The best permanent solution is to change the law, but this has so far proved impossible. Dreamers are only a small fraction of the roughly 11 million people living in the United States without permanent legal status. Supporters of reform â myself included â argued that the system needs to be fundamentally overhauled to better meet our current and future immigrant needs and to provide legal status for those who have lived, worked, paid. taxes and contributed to our communities despite having exceeded their legal visa or entered without authorization more than ten years ago. But the perfect cannot be the enemy of the good, and at this time comprehensive immigration reform is unlikely, especially as we enter an election year. So why not do what we can to protect a small but large population who grew up and were educated in the United States and who are American in everything but legal status? Dreamers are members of our armed forces; they are studying to be or already practicing doctors, nurses, scientists, engineers, and teachers; they work at essential jobsacross the working population. With labor shortages threatening our economic recovery, what sense does it make to jeopardize the loss of these precious workers?
For nearly two decades, Congress has been blocked from passing any meaningful immigration reform. The fight has been twofold: What should we do about the people currently in the country without permanent status, and what are the country’s immigrant needs in the future? Tying the two together has doomed solutions for both. In 1986, President Reagan signed a law granting amnesty to a population of 3 million illegal immigrants then present, but his support for amnesty was long standing. “I believe in the idea of ââamnesty for those who took root and lived here, even though they may have entered illegally at the time,” he said during a debate with Walter Mondale before the 1984 election. If we can’t solve all of our immigration problems, at least President Biden could solve one.
President Biden should seriously consider declaring an amnesty for Dreamers now. Yes, that would be controversial and the Republicans would scream, but if he drafted both the order and his message carefully and enforced the terms – essentially the same terms at DACA – he would have the support of the majority of Americans. Polls show that 72 percent of likely voters support the granting of legal status to Dreamers. It wouldn’t be the first time that a president has pronounced a controversial broad amnesty. President Ford granted amnesty to rebels and even some deserters from the Vietnam War in 1974 on condition of having completed two years of public service. In his first day in office, President Jimmy Carter extended the amnesty to rebels who had fled to other countries. If Americans could agree to the amnesty for those who had refused to serve our nation in times of war, how could they not support the amnesty to the Dreamers in Uniform now, as well as the thousands of others who serve their communities? in other ways?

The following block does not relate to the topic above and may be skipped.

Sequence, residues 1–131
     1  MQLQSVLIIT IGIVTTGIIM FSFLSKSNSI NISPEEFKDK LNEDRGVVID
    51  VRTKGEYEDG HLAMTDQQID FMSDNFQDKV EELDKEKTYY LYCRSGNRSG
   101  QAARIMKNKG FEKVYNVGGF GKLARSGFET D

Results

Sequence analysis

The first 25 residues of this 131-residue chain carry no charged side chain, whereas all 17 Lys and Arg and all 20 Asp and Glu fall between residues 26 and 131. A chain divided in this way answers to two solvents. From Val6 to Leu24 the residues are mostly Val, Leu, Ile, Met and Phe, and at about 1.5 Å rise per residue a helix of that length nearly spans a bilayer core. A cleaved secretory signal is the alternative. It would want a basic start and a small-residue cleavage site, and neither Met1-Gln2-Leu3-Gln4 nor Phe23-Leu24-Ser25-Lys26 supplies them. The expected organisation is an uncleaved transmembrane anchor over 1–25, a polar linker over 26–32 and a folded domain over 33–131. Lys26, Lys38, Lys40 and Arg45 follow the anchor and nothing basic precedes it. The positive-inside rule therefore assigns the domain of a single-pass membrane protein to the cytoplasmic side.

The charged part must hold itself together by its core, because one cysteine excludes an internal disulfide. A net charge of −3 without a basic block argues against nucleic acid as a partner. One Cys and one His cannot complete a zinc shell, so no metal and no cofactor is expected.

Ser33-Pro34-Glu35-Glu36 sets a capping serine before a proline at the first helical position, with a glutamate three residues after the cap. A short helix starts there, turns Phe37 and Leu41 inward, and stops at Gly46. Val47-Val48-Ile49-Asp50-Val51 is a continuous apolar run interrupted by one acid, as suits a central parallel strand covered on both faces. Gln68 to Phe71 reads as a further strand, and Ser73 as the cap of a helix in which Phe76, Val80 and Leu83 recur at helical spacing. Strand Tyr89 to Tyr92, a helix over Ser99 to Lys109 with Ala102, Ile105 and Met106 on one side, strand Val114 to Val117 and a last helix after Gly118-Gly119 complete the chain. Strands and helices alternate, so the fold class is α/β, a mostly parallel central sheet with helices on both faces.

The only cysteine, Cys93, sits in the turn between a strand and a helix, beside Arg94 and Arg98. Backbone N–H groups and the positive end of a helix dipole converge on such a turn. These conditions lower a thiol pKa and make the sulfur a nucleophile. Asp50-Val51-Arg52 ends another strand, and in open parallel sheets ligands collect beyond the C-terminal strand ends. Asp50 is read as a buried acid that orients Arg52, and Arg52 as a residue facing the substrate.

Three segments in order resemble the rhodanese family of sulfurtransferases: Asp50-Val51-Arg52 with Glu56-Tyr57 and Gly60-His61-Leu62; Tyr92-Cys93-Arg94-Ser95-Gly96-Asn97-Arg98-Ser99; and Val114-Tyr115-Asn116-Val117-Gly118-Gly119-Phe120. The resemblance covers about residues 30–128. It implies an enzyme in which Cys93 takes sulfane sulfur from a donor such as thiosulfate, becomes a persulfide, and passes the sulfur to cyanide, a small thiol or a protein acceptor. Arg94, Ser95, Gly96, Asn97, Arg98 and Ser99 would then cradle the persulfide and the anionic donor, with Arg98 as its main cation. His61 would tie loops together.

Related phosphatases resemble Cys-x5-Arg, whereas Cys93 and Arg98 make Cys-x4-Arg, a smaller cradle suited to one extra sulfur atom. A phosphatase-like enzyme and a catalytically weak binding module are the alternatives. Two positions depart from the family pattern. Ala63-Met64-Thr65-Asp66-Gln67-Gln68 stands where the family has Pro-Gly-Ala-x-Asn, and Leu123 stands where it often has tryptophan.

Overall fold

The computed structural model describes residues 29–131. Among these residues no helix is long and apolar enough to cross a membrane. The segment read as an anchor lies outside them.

In some circumstances, the credible threat of an amnesty might be enough to force a compromise on Capitol Hill. President Biden is expected to challenge Congress: Fix our broken immigration system now, or the Dreamers’ amnesty will be just the first I grant. The president’s clemency power is limited, but forgiving people who broke federal laws is exactly the authority the Constitution grants. What could be better than giving legal status to 1.1 million young people who came here as children, on average around 6 years old, over ten years ago?